Current market conditions provide an ideal moment to highlight the distinction between investment and speculation. Sound investment is a) the purchase of an expected stream of future cash flows that will be delivered to the investor over time, where b) the price paid today will result in an acceptable long-term return if those expected cash flows are delivered, and c) the expectations are set using assumptions that allow a reasonable margin of safety. As Benjamin Graham observed long ago, “Operations for profit should not be based on optimism but on arithmetic.”
Speculation, by contrast, is the purchase of a security in the expectation that its price will increase. Speculation relies much less on calculation than on psychology, particularly of two forms: a) expected changes in sponsorship, and b) expected changes in risk aversion.
Sponsorship essentially reflects a gradual increase in the eagerness of other individuals to participate in an advance (or in the case of a panic decline, to avoid further losses). Note that this does not necessarily require an increase in the number of participants holding the security, since the stock that is purchased by a buyer must – except in the case of new offerings – be supplied by an existing holder who sells. A speculative advance rides on the wave of increasing eagerness of others to hold the security, who in turn expect even further price increases and even greater eagerness by others. The pool of potential sponsors is very deep when bearish sentiment is very heavy and bullish opinion is scarce. The pool of potential sponsors begins to tap out at the point that bullish sentiment becomes very lopsided compared with bearish sentiment, especially for an extended period of time.
Changes in risk aversion can also feed speculative waves. Recall that for any given set of expected future cash flows, a higher price today implies a lower future rate of return on that investment. When investors are very risk averse, prices drop today and expected future rates of return increase, in order to compensate investors who continue to hold the security. Conversely, when investors become very risk-seeking (as they have in recent years based on the belief that central banks have the ability to prevent any negative event), prices advance today and expected future rates of return are compressed, leaving no compensation for potential risks down the road. The prospect for a significant reduction in risk aversion is strongest when prices are deeply depressed and concerns about risk are widespread. The prospect for a further reduction in risk aversion is slim when prices are at multi-year highs and risk spreads are already extremely compressed.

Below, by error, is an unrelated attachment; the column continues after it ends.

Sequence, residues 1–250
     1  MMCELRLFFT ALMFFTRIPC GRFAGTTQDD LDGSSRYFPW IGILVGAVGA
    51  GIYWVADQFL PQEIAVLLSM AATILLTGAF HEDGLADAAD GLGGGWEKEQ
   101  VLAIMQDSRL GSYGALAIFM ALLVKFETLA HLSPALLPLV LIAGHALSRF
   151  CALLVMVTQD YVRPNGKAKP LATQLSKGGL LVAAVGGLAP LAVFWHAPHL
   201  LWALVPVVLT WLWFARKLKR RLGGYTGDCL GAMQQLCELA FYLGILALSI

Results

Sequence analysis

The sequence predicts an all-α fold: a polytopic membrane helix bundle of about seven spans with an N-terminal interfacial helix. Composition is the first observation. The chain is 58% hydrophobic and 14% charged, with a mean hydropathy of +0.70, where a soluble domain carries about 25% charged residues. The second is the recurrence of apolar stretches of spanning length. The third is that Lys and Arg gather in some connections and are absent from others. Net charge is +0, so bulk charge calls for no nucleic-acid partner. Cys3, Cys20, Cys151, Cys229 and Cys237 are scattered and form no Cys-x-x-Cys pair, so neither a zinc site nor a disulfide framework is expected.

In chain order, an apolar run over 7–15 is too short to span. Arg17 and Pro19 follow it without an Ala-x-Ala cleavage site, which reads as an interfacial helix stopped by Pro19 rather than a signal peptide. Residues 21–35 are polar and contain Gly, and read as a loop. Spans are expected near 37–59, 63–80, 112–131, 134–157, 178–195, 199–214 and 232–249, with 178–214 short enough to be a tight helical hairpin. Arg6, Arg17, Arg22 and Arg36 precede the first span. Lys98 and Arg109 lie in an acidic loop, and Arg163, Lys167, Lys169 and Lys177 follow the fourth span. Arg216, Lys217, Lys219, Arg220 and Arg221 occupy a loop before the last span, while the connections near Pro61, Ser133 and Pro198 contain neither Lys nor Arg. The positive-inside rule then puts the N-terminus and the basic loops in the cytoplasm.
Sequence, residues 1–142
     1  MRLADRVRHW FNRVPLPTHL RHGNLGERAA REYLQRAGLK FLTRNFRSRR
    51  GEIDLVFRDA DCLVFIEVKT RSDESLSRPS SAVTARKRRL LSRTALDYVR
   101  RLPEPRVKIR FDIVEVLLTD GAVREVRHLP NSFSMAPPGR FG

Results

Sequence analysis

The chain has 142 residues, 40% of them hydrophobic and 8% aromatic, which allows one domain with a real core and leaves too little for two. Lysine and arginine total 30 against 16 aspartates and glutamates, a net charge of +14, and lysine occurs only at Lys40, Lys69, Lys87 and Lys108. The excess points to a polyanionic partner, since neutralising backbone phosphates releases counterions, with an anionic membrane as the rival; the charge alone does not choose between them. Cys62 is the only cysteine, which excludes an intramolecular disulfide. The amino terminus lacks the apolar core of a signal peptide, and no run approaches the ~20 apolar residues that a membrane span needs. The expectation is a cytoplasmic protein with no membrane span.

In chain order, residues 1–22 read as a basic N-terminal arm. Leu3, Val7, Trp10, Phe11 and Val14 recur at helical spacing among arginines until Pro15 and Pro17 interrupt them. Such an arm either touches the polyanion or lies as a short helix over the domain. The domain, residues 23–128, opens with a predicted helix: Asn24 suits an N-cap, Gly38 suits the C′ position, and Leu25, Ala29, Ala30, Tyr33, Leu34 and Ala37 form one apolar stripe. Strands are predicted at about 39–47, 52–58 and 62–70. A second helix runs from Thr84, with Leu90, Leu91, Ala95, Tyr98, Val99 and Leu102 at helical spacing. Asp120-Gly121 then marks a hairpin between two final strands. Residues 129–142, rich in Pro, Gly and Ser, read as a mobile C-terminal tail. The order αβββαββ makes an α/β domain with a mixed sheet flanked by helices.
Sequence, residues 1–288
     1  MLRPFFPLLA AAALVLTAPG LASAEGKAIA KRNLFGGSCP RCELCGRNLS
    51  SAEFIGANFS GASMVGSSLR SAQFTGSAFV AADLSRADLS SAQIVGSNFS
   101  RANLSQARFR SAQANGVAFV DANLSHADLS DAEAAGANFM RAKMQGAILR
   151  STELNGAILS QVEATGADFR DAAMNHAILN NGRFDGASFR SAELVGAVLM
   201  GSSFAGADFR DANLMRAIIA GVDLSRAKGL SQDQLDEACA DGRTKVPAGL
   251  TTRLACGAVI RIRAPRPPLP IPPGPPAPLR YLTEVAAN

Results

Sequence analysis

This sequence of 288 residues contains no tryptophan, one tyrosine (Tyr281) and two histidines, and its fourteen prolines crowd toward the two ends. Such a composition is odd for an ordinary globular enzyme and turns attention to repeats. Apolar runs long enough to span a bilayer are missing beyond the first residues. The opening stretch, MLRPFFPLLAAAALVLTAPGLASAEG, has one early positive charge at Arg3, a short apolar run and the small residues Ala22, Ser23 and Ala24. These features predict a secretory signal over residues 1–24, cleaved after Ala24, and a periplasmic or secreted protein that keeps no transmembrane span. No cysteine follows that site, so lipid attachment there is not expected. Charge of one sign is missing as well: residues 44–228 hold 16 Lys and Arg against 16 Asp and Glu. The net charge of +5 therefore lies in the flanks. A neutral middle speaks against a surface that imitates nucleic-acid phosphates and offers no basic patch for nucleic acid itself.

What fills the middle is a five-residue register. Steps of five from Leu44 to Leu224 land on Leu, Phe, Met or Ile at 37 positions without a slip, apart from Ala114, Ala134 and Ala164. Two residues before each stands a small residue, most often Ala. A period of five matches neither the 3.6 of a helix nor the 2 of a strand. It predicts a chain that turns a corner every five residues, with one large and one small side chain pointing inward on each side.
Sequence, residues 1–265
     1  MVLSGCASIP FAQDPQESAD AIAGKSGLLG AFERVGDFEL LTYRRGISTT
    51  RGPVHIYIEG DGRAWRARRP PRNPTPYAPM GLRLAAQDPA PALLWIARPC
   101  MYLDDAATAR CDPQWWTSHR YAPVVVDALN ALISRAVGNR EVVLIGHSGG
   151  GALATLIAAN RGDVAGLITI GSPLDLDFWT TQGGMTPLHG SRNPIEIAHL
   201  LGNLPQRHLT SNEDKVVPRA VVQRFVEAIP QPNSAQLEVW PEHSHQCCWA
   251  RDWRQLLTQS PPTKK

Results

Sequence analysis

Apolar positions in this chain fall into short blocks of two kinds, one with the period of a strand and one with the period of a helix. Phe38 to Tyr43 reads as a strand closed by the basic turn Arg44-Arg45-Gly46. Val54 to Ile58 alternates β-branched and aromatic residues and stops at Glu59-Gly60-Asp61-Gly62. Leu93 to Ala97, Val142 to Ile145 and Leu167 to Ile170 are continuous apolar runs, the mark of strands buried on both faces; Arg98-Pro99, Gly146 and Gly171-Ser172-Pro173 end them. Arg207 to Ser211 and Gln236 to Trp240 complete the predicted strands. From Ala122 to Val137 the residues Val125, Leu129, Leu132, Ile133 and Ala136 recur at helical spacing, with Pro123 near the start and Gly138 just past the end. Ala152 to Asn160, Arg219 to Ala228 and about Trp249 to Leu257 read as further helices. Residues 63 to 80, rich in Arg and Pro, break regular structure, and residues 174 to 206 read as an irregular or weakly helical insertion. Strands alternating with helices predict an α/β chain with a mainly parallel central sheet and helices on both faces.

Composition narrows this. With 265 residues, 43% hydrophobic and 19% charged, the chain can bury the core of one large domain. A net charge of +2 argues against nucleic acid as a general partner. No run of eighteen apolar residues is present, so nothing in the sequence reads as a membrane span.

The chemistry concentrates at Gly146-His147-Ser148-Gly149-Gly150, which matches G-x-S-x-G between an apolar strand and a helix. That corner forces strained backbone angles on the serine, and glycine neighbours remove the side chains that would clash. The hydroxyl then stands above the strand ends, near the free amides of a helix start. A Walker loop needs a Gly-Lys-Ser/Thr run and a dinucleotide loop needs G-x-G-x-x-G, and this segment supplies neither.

At present, we observe clearly negative investment prospects for the equity market. Moreover, bullish advisory sentiment (Investors Intelligence) has now surged past 60%, compared with only 15% bears, while risk premiums have declined to record lows on junk debt, corporate debt, and equities (equally-weighted) – and to near-record lows on capitalization-weighted equity indices. While trend-based measures are generally positive here, providing some speculative basis for purely trend-following strategies, the fact is that these strategies have typically not fared well, on average, in similarly overvalued, overbought, overbullish conditions, even when interest rates have been quite low. The persistence of these overextended conditions in the present speculative episode has undoubtedly been a source of frustration for us – and we’ve adapted by being less aggressive in our response. Still, we would have to contravene a century of historic evidence, as well as valuation methods that have not missed a beat even in recent decades, in order to embrace equity market risk in present conditions.
Last week’s comment, Ockham’s Razor and the Market Cycle reviews the arithmetic relating to present stock market valuations, and what it means for investors. A century of evidence provides every reason to expect zero total returns on the S&P 500 at horizons of 8 years or less, and only about 1.8% annually over the coming decade. The implications are worse for measures that take the position of profit margins into consideration (which the most historically reliable measures do). I should emphasize that while these measures provided accurate warning at the 2000 and 2007 peaks, they were also quite positive at the 2009 lows, projecting 10-year S&P 500 total returns in the 12-14% annual range, depending on which measure one used (see also our late-October 2008 comment, Why Warren Buffett is Right and Why Nobody Cares).